THE YOUNG CUPBEARER, a Devotion for 15 June 2018 Anno Domini
“ Now in the first year of Cyrus king of Persia, that the word of the Lord by the mouth of Jeremiah might be fulfilled, the Lord stirred up the spirit of Cyrus king of Persia, that he made a proclamation throughout all his kingdom, and put it also in writing, saying, Thus saith Cyrus king of Persia, The Lord God of heaven hath given me all the kingdoms of the earth; and he hath charged me to build him an house at Jerusalem, which is in Judah. Who is there among you of all his people? his God be with him, and let him go up to Jerusalem, which is in Judah, and build the house of the Lord God of Israel, (he is the God,) which is in Jerusalem. And whosoever remaineth in any place where he sojourneth, let the men of his place help him with silver, and with gold, and with goods, and with beasts, beside the freewill offering for the house of God that is in Jerusalem.” Ezra 1:1-4 (KJV)
There is a wonderful historical heritage of the great land of Persia. One of her greatest gifts for our learning and edification was Cyrus the Great – the first King who was beneficent to conquered peoples and honored their faith and customs.
When in the fifth grade, I read the following story in my reader concerning this great king. My school room was hot and crowded, but I felt all alone with the Persian king as I read of his great compassion. I dreamed of going and seeing that land, but had the almost certain view that such a privilege would never be mine. I was so very impressed that he had compassion on his people in spite of his great power. I was privileged to stand in the ruins of the summer palace of Cyrus (prononced ‘Kourush” in Farsi – the Persian language) where Daniel the prophet also had stood. I have visited the mountain tomb of Astyages (grandfather to Cyrus), Darius the Great, Xerxes, Artaxerxes, and others whose bodies lay in state in the Mountain of Mercy overlooking Perscepolis. I lived nearby this historical site for more than five years . . . . and I was over-awed in visitng the stone tomb of Cyrus the Great. Over the huge door of his tomb are these words engraved, “O man, whosoever thour, and from whithersoever thou comest, Behold, I am Cyrus the Great King – therefore begrudge me not the small dust that covers my bones.”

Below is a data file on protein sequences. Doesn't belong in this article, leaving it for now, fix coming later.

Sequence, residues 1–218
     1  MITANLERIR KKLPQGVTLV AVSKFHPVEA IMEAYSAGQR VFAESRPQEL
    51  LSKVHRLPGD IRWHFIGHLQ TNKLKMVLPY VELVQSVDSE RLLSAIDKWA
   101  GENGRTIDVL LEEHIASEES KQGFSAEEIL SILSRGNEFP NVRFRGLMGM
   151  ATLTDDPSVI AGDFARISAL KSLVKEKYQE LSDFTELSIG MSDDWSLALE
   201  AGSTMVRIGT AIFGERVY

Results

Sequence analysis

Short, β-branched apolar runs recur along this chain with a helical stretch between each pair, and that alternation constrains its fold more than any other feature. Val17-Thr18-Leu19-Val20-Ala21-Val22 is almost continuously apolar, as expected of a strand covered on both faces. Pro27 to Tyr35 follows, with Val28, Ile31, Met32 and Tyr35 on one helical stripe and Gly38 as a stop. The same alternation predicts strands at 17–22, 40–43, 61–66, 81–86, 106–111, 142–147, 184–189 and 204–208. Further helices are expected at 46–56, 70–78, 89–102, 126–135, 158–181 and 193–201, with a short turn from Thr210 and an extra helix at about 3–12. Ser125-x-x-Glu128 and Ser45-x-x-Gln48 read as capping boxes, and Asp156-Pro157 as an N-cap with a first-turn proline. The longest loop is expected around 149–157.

Cyrus the Great was my childhood hero on a par with General Robert E. Lee. I hope you will enjoy a reminder in this story of the kind of stories that illumined the mind of our American youth more than sisty years ago.
THE KINGS CUPBEARER
A short story by James Baldwin
LONG, long ago, there lived in Persia a little prince whose name was Cyrus. He was not petted and spoiled like many other princes. Although his father was a king, Cyrus was brought up like the son of a common man. He knew how to work with his hands. He ate only the plainest food. He slept on a hard bed. He learned to endure hunger and cold.
When Cyrus was twelve years old he went with his mother to Media to visit his grandfather. His grand father, whose name was Astyages, was king of Media, and very rich and powerful. Cyrus was so tall and strong and handsome that his grandfather was very proud of him. He wished the lad to stay with him in Media. He therefore gave him many beautiful gifts and everything that could please a prince.
One day King Astyages planned to make a great feast for the lad. The tables were to be laden with all kinds of food. There was to be music and dancing; and Cyrus was to invite as many guests as he chose.
The hour for the feast came. Everything was ready. The servants were there, dressed in fine uniforms. The musicians and dancers were in their places. But no guests came. “How is this, my dear boy?” asked the king. “The feast is ready, but no one has come to partake of it.”
“That is because I have not invited any one,” said Cyrus. “In Persia we do not have such feasts. If any one is hungry, he eats some bread and meat, with perhaps a few cresses, and that is the end of it. We never go to all this trouble and expense of making a fine dinner in order that our friends may eat what is not good for them.”
King Astyages did not know whether to be pleased or displeased. “Well” said he, “all these rich foods that were prepared for the feast are yours. What will you do with them?”